Ahead of the opening this summer, we got a sneak peek yesterday at the first Google Store in New York City. The company has said that the retail location is an “important next step” for its hardware division. For prospective visitors, what are you most looking forward to doing at a Google Store?
There are a lot of unknowns about Google’s first permanent foray into retail. For one, we don’t know whether the company’s hardware division sees physical spaces as just “experience stores” or whether they are planning a chain. The former could see Google only ever open a handful of locations in key cities, while the latter would be a large commitment to retail and directly selling to customers.
We look forward to meeting many of our customers and hearing their feedback on the store, so we can continue to explore and experiment with the possibilities of a physical retail space and build upon the experience.
Google at launch did seem to imply that it will be more akin to the Apple Store model. After all, the importance of one store is questionable if there are no further plans to learn and scale from it.
This brings us to today’s question: Assuming a location is conveniently in your neighborhood, what do you want from a Google Store?
Learn about & demo products
From big-box retailers to carrier stores, finding Pixel and Nest products is not too difficult in this day and age. However, using a traditional phone demo experience is severely lacking from thick security mechanisms that don’t let you really feel the phone in your hand or take pictures. Similarly, smart home products, like security cameras, are very rarely active. The Google Store could have experiences to highlight the Pixel’s camera — like fun objects/setups to take pictures of — and Assistant.
Meanwhile, the real upside is for products like Chromecast with Google TV and Stadia. It would be the first retail outing for the latter product and its Controller, while the pre-pandemic experience for Chromecast has historically been a looped video.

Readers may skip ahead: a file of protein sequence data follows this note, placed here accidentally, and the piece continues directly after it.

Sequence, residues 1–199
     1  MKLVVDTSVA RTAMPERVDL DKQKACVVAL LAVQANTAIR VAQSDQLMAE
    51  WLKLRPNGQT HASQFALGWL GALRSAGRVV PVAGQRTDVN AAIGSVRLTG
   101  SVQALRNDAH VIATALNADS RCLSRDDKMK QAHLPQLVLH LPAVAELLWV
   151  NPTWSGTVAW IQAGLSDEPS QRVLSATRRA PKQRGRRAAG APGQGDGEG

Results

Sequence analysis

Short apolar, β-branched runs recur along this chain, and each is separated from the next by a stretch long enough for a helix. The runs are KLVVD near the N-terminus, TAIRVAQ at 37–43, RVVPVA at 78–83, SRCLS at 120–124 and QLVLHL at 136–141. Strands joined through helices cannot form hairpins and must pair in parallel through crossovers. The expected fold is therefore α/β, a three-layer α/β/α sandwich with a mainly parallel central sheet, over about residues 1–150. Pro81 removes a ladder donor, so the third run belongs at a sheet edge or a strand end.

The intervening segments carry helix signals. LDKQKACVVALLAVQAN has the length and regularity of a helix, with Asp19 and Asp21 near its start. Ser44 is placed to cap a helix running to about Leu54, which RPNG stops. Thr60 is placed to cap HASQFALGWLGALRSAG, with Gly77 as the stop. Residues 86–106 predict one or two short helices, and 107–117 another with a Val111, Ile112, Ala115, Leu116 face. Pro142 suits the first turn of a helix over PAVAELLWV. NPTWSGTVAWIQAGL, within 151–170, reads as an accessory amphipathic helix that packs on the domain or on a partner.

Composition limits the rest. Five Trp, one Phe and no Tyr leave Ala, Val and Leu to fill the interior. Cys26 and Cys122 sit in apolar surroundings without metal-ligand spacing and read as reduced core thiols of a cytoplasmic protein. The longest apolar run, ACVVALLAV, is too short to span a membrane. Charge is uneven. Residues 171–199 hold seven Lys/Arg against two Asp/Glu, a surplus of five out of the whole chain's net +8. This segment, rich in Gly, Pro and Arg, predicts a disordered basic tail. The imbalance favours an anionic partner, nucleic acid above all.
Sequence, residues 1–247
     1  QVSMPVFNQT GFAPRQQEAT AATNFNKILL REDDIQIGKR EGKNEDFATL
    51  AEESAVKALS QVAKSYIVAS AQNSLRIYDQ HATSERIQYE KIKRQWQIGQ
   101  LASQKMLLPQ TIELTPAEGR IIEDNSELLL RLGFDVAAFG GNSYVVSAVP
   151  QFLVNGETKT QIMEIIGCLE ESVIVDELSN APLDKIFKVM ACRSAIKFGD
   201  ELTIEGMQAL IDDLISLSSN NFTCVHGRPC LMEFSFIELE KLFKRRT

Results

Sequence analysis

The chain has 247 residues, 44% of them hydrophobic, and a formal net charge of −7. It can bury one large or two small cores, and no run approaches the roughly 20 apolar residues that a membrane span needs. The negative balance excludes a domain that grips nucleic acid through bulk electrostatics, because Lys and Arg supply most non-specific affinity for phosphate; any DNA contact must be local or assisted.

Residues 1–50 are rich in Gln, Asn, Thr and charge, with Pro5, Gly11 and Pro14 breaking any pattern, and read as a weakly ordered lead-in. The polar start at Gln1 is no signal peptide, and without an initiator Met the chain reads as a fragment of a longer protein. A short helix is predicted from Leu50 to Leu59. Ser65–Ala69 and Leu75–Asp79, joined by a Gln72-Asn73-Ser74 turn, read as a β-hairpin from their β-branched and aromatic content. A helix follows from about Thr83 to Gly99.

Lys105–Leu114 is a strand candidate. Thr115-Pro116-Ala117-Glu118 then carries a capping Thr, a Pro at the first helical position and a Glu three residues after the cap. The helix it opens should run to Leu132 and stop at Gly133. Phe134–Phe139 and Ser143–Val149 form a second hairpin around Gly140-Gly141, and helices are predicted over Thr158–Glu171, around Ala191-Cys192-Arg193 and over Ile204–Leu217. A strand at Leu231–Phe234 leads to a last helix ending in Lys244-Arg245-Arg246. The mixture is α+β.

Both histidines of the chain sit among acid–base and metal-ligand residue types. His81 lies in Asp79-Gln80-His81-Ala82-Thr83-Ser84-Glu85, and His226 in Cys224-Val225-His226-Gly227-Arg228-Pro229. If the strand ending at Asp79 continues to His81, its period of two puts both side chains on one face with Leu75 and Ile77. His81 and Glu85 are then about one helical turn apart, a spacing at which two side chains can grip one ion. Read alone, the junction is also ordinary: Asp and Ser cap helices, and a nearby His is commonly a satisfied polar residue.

Buy hardware & accessories / in-store pickup
Again, buying Google products from conventional retailers is easy today, but going direct has updates in terms of exchanges. Meanwhile, accessories for Pixel phones are sometimes hard to find in person, but the Google Store would presumably be fully stocked. It also leads to the next point.
Troubleshooting & set-up
Upon pickup, there will presumably be some setup and transfer help that could occur under the eye of an employee. Retail locations also give Google a tremendous opportunity to tackle the belief that getting help for their products is difficult. If they are ubiquitous enough, people might be more likely to talk to a person in real life rather than navigate chats and forums.
When hardware issues occur, a large network of Google Stores would give you a default place to get it fixed. It would match Apple’s network and an option for people that previously had bad experiences mailing products out for repair. Hopefully, some repairs, like cracked screens, could even be same-day given the current volume of Google products.
Hosting photography classes for the Pixel is a no-brainer. Roving sessions, like the Apple Store’s photo walks, in select cities could very much emphasize the community aspects of the Google Store. Other lessons could instruct new users on Chromebooks and setting up a smart home.
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